Friday, April 28, 2006

Studenica and Žiča Monastery

Thursday, April 20 - Studenica
With the rain still persisting, we began the drive towards our next destination – Studenica. The road followed the Western Morava and Ibar Rivers. Both were very high. Plastic bags clung to trees in the swollen river. Along a 20 km long scenic gorge created by the Western Morava River are over 10 tiny monasteries. Constructed mainly in the 15th and 16th centuries, these monasteries were located in more secluded places away from main roads and far away from Turkish towns. We briefly visited Vavedenje Monastery, located closer to the town of Čačak. Like most of these small monasteries, Vavedenje was very simple. The existing church structure was built in 1874 after the original one had been destroyed. No frescoes remained from the original structure, but the carved wooden altar is older.

Traveling once again through the remote, mountainous region, we reached Studenica. Established at the end of the 12th century, this monastery is one of Serbia’s greatest monasteries and is highly regarded by Orthodox Serbs. We entered through the imposing Western Gate, constructed of stone with a wooden pyramid roof.

In the small church known as King’s Church (built in 1314), a special Maundy Thursday service was taking place. The priest was chanting and waving incense. Many of the frescoes in the church were quite well-preserved. As in the Mileševa church, the fresco portraits portray realism rather than simply stylizing figures. I did not feel comfortable looking around very long during the service and quietly went outside.

I took a tour around the exterior of the main church completed in 1191, known as the Church of Our Lady (or Church of the Holy Virgin). A prototype of the Raška School style, the architecture seamlessly blends Romanesque and Byzantine styles. The exterior is covered with polished white marble, unique in Serbian medieval architecture. The cupola is a red color, just like the King’s Church. My favorite architectural element is the 3-windowed apse. Framing the three narrow windows are carvings or elaborately sculptured leaves, figures, and mythological beasts. Carvings of a similar style could be found around one of the doors.

Most of the original frescoes inside the Holy Virgin church were completed in 1209 and repainted in 1569. The Crucifixion fresco is especially splendid. Recent earthquakes (compounding previous ones) have raised questions of stability. Many of Studenica’s remaining treasures (what was left after repeated lootings) are now in a small museum on-site, but it was closed for the day. The dining hall was open for view. In one end was a large fireplace; in the other, a long table for the king and important leaders. The yellow residential quarters looked much newer than the church buildings, dating back to the 18th century. Bedding was hung over the window ledges, airing out even in the rainy weather.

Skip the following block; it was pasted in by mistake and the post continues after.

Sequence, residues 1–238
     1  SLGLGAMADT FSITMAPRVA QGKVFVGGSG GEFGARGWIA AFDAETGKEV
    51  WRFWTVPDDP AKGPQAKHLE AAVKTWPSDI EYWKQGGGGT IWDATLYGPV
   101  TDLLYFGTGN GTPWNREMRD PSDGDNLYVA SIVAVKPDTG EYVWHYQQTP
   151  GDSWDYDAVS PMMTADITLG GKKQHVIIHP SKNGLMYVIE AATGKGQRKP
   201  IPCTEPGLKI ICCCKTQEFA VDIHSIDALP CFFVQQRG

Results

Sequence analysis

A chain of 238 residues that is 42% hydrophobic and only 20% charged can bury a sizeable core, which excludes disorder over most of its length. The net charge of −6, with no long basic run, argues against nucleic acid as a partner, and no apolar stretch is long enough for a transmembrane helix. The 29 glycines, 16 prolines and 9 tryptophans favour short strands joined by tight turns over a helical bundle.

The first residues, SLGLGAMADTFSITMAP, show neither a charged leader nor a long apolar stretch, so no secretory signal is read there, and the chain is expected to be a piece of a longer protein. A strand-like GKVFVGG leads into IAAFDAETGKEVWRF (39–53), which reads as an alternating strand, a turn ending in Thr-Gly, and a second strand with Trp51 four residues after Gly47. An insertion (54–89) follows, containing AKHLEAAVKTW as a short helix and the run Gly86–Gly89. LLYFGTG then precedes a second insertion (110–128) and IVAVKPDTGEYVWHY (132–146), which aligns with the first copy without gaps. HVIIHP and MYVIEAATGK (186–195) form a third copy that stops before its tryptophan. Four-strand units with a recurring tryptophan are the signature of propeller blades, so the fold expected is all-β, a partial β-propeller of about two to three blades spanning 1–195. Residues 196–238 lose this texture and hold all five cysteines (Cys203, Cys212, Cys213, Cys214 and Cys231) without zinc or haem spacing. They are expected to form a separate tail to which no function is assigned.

I hope to go back to Studenica and take more photos and enjoy the ambience – hopefully with blue skies that make this UNESCO World Heritage site so captivating.

Žiča Monastery
Heading towards Kraljevo, we stopped at the Žiča Monastery. Constructed in 1209 and finished in 1217, this church is painted in a distinctive rusty red color. Here, a church service was also in progress. In the arched entryway, I could see a few frescoes. Sadly, most of the original frescoes were destroyed by Bulgarians in 1290 or later by Turks seeking to obliterate any depiction of the human image. On both sides of this entryway were round windows intricately carved out of stone. On the grounds was a beautiful domed baptistery, reconstructed from some of the original fragments.

Back to Belgrade
It was time to head back to Belgrade. The bus trip from Kraljevo took about 3 hours, but the time went by quickly due to the fascinating company of a college student from Poland. She also was visiting Serbia and Montenegro on her spring break. From the windows of the bus, I could see flooded fields. Back in Belgrade, the road next to the bus and train station was still flooded; I opted to take a taxi home. Despite the inclement weather, I enjoyed my trip to western Serbia. I hope to revisit some of the places with family and/or friends.

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